Aarons had more attacking returns than fellow young full back Jamal Lewis on the opposite flank and also better underlying stats overall. Both cost 4.5m, so it looks like Aarons will get the nods if managers are looking for a Norwich defender at any point in the season.
In terms of underlying stats Max took 24 shots, 18 of which were inside the box, 8 on target and also created 31 chances. This puts him right up there in terms of top attacking defenders. Sead Kolasinac managed the same amount of chances picking up 5 assists, as did Jonny (1 assist). His attacking stats are also comparable to Ricardo Pereira from Leicester who managed 25 goal attempts, 14 inside the box, 9 on target and picked up 2 goals to his name en route to 146 points.
We know, however, that the step up to the Premier League is tough; many who having performed well for promoted teams have failed to adjust to the pace of the Premier League despite being hyped by FPL managers for their potential.
We have also often seen FPL towers get overexcited about new talent making their step up and price accordingly with key men from Championship clubs. Luckily, Aarons avoided this, but it’s always worth looking at these Championship shining stars in the back line and the cautionary tale of how they waned as they tried to make the step up. We have tended to see that star defender from the promoted sides priced at 5.0m and they’ve normally failed. Examples of this are Tommy Smith (50 points from 1 assist) at Huddersfield after 4 goals and 10 assists the year before in the Championship, or Joe Bryan (52 points, 1 assist) for Fulham after 5 goals an 3 assists for Bristol City.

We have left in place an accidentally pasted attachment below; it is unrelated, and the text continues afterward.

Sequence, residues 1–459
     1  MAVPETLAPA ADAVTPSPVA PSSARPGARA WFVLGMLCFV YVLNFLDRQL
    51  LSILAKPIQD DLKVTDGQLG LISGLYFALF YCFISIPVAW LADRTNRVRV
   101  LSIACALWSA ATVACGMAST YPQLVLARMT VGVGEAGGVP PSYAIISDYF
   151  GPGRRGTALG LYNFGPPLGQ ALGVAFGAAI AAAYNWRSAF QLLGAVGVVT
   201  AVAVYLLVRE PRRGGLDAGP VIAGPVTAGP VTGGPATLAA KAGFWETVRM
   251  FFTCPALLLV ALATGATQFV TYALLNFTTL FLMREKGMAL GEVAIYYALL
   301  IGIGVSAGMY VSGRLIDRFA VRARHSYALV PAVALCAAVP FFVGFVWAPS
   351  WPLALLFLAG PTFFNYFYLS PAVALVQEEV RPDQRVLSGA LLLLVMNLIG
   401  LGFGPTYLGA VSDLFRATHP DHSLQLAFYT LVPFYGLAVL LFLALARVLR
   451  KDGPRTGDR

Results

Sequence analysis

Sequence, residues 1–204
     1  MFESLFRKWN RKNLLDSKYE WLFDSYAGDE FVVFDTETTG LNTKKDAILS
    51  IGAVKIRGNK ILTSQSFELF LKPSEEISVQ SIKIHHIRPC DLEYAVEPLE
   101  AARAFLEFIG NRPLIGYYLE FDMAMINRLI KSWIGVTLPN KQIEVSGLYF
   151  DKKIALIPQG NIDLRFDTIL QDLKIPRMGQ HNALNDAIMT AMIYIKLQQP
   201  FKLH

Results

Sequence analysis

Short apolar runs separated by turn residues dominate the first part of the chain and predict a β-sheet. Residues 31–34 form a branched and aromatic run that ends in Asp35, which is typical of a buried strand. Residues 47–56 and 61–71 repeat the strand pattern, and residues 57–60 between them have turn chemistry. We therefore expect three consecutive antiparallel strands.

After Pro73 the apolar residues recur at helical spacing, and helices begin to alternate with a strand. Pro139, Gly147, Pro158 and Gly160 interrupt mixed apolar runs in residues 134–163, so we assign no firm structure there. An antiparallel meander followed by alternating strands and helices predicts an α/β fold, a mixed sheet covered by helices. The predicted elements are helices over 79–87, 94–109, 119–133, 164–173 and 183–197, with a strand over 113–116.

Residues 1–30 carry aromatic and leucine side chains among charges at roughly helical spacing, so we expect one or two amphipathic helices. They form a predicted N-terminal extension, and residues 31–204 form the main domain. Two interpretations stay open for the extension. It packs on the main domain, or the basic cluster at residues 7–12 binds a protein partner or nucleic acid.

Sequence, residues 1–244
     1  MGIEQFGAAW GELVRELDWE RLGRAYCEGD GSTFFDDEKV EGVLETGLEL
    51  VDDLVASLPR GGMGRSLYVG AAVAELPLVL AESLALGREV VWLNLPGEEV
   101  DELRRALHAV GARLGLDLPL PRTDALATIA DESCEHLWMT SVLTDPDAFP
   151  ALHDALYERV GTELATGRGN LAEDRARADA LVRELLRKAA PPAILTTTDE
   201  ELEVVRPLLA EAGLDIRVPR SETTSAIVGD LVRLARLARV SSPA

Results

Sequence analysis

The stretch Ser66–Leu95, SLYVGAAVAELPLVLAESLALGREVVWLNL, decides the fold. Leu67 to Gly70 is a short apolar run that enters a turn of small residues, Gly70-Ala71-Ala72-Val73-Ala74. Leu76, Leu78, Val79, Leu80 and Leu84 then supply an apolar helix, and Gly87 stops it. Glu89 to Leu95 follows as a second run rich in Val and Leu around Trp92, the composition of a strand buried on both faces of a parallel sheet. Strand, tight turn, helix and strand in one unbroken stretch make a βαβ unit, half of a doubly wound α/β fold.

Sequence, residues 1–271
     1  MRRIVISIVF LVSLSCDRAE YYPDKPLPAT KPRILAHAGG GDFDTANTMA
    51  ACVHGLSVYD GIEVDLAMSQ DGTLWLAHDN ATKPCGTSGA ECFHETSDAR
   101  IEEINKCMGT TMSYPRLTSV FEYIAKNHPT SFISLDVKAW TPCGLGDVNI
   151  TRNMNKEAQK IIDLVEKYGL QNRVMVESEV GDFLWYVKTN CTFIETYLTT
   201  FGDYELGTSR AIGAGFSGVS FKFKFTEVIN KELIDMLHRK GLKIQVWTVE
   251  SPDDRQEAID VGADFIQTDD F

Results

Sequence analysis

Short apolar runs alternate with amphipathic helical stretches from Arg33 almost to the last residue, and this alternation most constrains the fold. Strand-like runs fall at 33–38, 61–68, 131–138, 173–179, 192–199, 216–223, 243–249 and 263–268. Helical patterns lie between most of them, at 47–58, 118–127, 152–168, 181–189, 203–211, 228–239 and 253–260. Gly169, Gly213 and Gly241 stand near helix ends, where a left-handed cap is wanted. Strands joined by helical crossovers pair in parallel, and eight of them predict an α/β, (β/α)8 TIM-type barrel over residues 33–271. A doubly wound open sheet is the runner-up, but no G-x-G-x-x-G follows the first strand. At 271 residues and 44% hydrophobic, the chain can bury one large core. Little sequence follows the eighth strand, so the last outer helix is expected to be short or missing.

Last season, we were very lucky with Matt Doherty and the Wolves defence as the 5.0m man Barry Douglas was shipped off early. The Irishman will now set you back £6.0m last season, and was the shining star for much of last season in the bargain bucket. 4 goals, 7 assists and 144 points for “Doc” saw him earn FPL darling status, especially with many of us picking him up early at 4.4m. Given the differences between Wolves and Norwich – formation, style, and money to spend come to mind as factors – this may be too much to hope for from the young Canaries full back. But a 4.5m defender does always emerge somewhere – why not young Max?